Bottom Line Fall 2021

Five Ways to Upsell PPF Customers

By Jacob Motley

The most obvious upsell for paint protection film (PPF) is to suggest more coverage. You’ve probably seen this scenario before: someone considering front-end protection ends up with PPF on other parts of their car as well, or even goes for a full wrap. That customer learned more about what’s popular,  what solutions are available and how costs compare—from you, the PPF expert.

If you think this sounds more like educating than selling, you’re right. The reality is that a significant part of sales is explaining products, benefits and possibilities. To be your most effective at this, focus on five key areas that are the most likely to result in better sales.

Offer Black PPF Products

Black PPF is more protective than vinyl, so it makes solid sense to offer this upgrade to customers looking for black vinyl all over or as an accent. Plus, customers interested in PPF for protection might also want to customize their car’s look further. Just letting these customers know that it’s possible to transform color and add protection in a single installation can encourage add-on sales.

Suggest Thicker PPF Products

Today’s advanced products are high-gloss and blend in well with factory finishes or other types of PPF. Try suggesting selective use of thicker PPF for higher impact resistance in areas more prone to damage (such as rocker panels) or for the entire installation.

Explain 2-in-1 Products

As you’re guiding a customer to the product that’s right for them, it’s natural to discuss and compare product features. This is an excellent opportunity to highlight new, premium products that deliver the most coveted benefits with a single installation. They’re great for those who come in asking for both PPF and ceramic, only to discover it’s not in their budget.

Reference Kelley Blue Book Value

This one’s a no-brainer. Go to kbb.com, enter information about your customer’s car, and show them differences in value based on condition. Once they see how much more their car is worth in excellent or very good condition, they’ll be encouraged to protect a larger portion of their finish with PPF. This also helps close sales with customers who need help rationalizing the cost of PPF.

Use Those Live Demo Tools

Most vendors provide shops that carry their products with hands-on displays, tools and more to demonstrate product benefits. Don’t let them collect dust in a corner. Desirable PPF features such as self-healing, impact resistance and hydrophobicity sound good, but it’s more convincing when customers see them work. Demos are a great way to upsell from standard to premium products, and when customers believe in the power of PPF, they’re more likely to go for more coverage, too.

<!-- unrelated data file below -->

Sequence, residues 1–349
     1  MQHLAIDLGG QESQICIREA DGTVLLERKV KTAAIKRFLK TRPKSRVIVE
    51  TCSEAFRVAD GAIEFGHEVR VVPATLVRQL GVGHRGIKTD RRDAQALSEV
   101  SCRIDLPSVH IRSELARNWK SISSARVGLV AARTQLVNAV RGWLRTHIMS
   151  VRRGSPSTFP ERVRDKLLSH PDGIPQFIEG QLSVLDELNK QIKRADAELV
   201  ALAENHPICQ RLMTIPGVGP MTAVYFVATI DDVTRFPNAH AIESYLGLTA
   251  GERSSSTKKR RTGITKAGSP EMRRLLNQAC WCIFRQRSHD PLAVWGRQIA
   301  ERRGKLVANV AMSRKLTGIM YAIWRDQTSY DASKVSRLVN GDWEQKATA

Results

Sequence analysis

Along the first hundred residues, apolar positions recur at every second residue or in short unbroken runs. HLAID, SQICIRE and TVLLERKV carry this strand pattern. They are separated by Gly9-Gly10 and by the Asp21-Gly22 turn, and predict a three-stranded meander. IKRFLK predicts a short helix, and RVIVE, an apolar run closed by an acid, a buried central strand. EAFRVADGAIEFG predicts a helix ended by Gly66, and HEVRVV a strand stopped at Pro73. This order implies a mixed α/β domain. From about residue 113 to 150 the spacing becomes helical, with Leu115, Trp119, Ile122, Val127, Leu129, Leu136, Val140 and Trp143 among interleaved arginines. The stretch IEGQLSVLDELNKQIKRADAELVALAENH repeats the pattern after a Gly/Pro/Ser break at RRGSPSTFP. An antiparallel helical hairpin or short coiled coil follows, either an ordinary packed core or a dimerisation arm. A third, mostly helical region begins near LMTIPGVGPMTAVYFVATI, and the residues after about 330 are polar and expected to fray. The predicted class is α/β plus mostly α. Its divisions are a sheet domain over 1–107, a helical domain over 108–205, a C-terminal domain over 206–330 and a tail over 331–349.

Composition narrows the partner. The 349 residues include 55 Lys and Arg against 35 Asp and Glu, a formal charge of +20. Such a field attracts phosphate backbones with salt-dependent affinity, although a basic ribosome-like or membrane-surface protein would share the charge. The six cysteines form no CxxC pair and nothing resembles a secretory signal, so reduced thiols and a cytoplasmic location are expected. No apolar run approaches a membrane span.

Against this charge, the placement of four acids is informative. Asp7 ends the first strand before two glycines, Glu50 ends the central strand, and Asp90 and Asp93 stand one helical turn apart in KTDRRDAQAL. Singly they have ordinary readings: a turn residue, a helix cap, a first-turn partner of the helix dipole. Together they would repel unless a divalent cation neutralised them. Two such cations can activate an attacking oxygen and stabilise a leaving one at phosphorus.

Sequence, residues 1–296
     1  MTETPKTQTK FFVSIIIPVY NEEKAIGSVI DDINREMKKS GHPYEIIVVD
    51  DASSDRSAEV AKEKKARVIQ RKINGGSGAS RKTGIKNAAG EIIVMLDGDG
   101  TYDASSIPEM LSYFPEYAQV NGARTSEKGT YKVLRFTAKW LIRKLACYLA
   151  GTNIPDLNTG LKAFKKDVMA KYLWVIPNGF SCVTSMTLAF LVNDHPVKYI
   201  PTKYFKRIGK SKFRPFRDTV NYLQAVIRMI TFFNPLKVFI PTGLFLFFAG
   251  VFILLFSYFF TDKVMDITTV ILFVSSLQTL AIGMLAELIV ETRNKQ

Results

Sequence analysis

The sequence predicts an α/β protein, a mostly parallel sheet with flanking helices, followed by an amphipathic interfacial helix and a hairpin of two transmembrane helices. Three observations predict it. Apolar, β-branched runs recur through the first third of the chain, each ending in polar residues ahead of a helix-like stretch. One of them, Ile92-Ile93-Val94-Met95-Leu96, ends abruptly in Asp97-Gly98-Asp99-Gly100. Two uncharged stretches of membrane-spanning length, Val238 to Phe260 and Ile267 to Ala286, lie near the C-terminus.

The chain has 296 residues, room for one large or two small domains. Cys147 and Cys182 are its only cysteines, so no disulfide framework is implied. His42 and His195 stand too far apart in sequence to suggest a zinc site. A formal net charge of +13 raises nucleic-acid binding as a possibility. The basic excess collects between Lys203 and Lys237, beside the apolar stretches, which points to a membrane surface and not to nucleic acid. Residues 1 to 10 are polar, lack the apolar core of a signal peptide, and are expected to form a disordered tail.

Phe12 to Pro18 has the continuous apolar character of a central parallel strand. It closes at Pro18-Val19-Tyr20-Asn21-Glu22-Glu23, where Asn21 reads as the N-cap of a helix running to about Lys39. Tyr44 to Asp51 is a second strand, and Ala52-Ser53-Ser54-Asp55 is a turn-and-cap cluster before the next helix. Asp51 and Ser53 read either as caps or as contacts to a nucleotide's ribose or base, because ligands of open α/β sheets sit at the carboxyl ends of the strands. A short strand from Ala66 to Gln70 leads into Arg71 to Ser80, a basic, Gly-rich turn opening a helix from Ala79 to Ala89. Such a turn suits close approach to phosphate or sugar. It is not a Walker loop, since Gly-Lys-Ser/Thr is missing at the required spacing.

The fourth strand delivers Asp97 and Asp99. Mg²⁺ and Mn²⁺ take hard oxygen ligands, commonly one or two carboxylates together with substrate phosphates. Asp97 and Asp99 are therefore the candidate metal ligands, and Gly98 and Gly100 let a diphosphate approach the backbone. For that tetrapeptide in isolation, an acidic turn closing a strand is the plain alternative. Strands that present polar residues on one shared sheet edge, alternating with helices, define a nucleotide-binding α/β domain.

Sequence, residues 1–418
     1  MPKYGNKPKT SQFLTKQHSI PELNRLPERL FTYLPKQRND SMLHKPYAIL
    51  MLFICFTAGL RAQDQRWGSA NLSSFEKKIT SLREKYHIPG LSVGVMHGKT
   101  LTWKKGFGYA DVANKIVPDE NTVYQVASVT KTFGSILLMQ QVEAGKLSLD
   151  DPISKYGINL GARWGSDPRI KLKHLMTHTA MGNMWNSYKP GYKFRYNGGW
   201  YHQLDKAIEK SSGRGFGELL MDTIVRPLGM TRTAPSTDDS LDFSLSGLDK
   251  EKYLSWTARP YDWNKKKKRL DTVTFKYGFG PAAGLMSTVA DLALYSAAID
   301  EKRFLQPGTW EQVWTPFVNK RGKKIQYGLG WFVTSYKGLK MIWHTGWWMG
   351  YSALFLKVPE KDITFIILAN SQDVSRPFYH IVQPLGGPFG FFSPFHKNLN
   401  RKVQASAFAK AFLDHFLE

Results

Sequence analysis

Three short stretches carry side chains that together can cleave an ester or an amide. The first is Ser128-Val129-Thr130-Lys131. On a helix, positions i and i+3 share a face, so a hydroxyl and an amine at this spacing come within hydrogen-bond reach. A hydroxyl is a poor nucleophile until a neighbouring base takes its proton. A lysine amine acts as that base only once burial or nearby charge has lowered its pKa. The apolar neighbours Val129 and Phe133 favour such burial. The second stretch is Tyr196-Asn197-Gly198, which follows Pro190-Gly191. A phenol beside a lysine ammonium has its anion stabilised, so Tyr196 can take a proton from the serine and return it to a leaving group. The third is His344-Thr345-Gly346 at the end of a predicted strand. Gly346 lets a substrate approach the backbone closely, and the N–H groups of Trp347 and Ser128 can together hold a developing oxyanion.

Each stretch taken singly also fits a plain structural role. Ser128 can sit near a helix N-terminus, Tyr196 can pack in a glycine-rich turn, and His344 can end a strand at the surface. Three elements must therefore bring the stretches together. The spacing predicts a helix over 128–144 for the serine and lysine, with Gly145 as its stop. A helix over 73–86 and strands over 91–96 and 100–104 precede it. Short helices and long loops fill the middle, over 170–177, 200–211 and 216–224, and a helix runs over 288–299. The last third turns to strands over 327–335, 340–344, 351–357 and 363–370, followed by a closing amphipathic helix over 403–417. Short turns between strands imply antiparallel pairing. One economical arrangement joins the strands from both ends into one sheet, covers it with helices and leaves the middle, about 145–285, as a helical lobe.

Jacob Motley is the PPF channel marketing manager for Eastman Performance Films, LLC

To view the laid-in version of this article in our digital edition, CLICK HERE.

Observe & Project Fall 2021

See You at SEMA

By Chris Collier

The Las Vegas Convention Center welcomes car culture back into its halls this November. It’s a live-and-in-person comeback featuring an additional 1.4 million square feet of space in West Hall—the home of all things paint protection film (PPF). SEMA’s return is akin to comfort food for a car enthusiast. For me, it’s a brand new era of my career that I can’t wait to experience.

“West Coast Customs” sparked my passion for the automotive scene. The Burbank, Calif., customization center was my first exposure to SEMA and all it had to offer. My father and I marveled at the shop’s creations behind a now-defunct Zenith television. Now, I’m covering it all from a birds-eye view clearer than any early-2000’s TV screen . . . crazy how that works. The shop and its crew frequent SEMA to this day, and now it’s my turn.

What am I anticipating most? Well, I’m ready to learn from the industry’s sharpest. Avery Dennison is planning live demonstrations and training in which all can partake. I’m eager to scan the PPF process and watch installers dance between speed and quality in pursuit of perfection. I’m also looking forward to visiting Global Window Films, Johnson Window Films, XPEL, Eastman Performance Films and more after watching them shine in the Sunshine State at the International Window Film Conference and Tint Off™ (WFCT) this past June.

I can’t deny it—the kid in me is ready to scan the matte-black McClarens, the paint-protected Porsches and the ceramic-coated Corvettes—I’m ready for it all.

Bring it on SEMA.

If you’ll be at SEMA, please stop by PPFMag’s booth at #54074. It would be great to meet you.

Chris Collier is the assistant editor of PPFMag. Email him at ccollier@glass.com and connect with him on LinkedIn.